Intro to Greek by Dana Harris in Accordance Bible Software

Accordance has just released a trio of products that can serve well as a stand alone, traditional introduction to Greek. Each resource is around 50% off at the time of writing this post:

For the first time, Accordance users have access to a thorough, self-paced, video introduction to the grammar of the New Testament. At just under $150 and in light of the scope of the material, I think these three resources are a bargain for motivated students — especially if you have someone farther down the road of Greek learning with whom you can discuss the material.

Course Structure

The outline of the course follows a familiar pattern:

  • Introductory material
  • Verb introduction
  • Basics of nouns, the article, pronouns, and prepositions
  • Chapters on the verb tenses of each principal part
  • Contract verbs and moods other than the indicative
  • -μι verbs and the optative

This structure is very similar to Clayton Croy’s grammar, the grammar I learned from and one that I have taught in middle and high school for the past ten years. Every pattern of introducing grammar has its pluses and minuses, but I like this breakdown. You get started with the prensent tense, introduce nouns and pronouns, and then walk through the other tenses and moods.

Video Lectures

In Accordance, the videos resource has a nice, simple format. You can see below how there is a clear link to launch the video and a link to the chapter covering the same material in the grammar.

The videos take up just over a gig of space on your device. Downloading them on the front end is great because it frees you from dealing with buffering and streaming issues when you are ready to study.

While pre-recorded video lectures are not ideal and tend to have a pretty heavily scripted feel, the presentation in these videos is clear and thorough.

The presentation is a traditional, grammar-translation approach emphasizing parsing and grammatical analysis.


The grammar is nicely hyperlinked and easy to navigate.

I appreciate how each chapter has a study guide section that summarizes the key points.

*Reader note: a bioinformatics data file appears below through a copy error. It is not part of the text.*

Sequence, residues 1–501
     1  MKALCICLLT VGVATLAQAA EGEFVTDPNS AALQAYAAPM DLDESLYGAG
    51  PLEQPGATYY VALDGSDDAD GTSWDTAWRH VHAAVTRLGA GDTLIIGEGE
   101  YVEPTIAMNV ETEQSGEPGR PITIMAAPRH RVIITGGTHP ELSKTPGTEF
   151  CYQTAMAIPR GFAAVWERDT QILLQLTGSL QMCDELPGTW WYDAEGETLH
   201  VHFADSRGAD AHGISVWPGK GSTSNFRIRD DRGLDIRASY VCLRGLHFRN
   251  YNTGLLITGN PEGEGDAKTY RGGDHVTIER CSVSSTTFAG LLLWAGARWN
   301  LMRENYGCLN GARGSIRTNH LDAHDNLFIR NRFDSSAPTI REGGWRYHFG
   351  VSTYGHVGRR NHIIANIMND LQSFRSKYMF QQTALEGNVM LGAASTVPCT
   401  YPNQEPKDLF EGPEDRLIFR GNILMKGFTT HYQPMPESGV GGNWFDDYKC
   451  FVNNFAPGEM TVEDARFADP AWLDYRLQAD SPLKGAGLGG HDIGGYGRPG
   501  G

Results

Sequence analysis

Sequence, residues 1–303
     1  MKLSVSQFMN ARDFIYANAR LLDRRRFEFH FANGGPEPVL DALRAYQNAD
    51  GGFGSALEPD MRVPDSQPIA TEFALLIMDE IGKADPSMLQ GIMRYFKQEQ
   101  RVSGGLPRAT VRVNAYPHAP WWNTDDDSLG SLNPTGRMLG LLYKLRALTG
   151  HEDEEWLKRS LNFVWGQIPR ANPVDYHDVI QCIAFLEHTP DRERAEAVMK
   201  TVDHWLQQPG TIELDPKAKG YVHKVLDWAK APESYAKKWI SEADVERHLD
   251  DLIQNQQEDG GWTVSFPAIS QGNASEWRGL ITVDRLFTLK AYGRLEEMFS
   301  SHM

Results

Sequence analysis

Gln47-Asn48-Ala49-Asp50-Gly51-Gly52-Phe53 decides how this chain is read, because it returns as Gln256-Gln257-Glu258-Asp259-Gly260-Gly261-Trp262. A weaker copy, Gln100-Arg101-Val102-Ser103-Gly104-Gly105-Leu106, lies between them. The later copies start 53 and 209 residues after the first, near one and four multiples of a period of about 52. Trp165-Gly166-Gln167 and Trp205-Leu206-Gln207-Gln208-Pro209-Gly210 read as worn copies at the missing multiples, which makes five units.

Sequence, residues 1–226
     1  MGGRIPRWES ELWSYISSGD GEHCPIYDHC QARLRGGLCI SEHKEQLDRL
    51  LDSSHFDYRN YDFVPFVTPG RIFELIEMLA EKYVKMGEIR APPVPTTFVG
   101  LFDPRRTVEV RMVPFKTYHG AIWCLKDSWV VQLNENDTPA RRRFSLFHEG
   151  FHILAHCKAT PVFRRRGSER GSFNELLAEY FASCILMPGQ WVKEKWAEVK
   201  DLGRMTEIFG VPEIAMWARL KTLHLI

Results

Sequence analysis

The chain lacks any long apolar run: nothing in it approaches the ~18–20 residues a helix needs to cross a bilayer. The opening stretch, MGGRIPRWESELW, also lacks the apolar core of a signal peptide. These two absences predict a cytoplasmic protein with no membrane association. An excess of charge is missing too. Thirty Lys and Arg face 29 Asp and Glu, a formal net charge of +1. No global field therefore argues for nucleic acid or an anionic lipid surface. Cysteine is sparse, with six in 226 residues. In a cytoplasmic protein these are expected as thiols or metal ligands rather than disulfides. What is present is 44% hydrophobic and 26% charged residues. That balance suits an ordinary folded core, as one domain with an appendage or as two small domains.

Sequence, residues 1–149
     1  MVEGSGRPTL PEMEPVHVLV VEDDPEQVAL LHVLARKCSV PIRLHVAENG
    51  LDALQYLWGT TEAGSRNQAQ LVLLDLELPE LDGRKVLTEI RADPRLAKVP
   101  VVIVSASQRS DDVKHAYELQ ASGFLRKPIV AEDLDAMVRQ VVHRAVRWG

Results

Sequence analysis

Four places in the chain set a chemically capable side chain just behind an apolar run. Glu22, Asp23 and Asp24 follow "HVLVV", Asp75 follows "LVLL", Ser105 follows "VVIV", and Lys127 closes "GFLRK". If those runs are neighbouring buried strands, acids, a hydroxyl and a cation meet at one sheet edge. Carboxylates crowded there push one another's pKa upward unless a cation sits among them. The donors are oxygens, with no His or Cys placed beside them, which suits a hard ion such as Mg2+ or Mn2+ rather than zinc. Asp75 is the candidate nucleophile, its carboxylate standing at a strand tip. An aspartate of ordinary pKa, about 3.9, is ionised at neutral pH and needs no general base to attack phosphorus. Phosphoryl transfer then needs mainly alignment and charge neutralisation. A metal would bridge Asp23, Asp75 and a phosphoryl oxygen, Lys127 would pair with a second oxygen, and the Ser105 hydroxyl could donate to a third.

Beside each vocabulary word, Harris gives the number of occurrences in the NT.

Clicking the hyperlinked 77 beside ἀνοίγω opens all the occurrences of the word in NA28. You can hover over each instance and see the word’s parsing in Accordance’s instant details at the bottom of the screen.

Harris also includes integration/review chapters that allow students time to pull together what they have been learning over the past few lessons. Below you can see parsing and translation exercises from the first integration chapter. Accordance’s annotation features allow you to do exactly what the exercise is asking for, double underlining the finite verbs.


The workbook includes parsing and translation exercises for each lesson.

You cannot type your answers into the workbook. You can, however, screen shot them on your iPad or print the sections you want to complete.

Here’s an example of selecting the exercises for chapter 8 and printing them:

After selecting the text, you can right-click and select print selection

At this point, you could also choose save as PDF and compelte the translation/parsing exercises on a tablet.

Students who are considering working through the material on their own will be happy to see that the answer key is far better than normal. It is very clear, detailed, and easy to follow. It’s nice that the answer key for each lesson is included at the end of that lesson, not at the back of the book.

Here’s an example of the key to a parsing exercise:

Here’s the answer key to the translation exercises in chapter 9:

One more answer key example:


This trio of resources, distinguished by about thirty video lectures, will be exactly what some Accordance users have been hoping for. Harris offers a thorough introduction to the Greek of the New Testament with grammar, workbook, and video lectures at an affordable price.

Although most chapters have less than ten translation exercises, the answer key provided is very thorough and helpful for those studying alone. I recommend this collection of resources if you are looking for a traditional, grammar-translation approach to NT Greek — especially if you have a friend further down the road of Greek learning with whom you could discuss your progress.

For a video overview of this resource, check out Abram’s YouTube review here. Note especially his overview of the unique formatting features in Accordance’s digital edition starting around 3:20.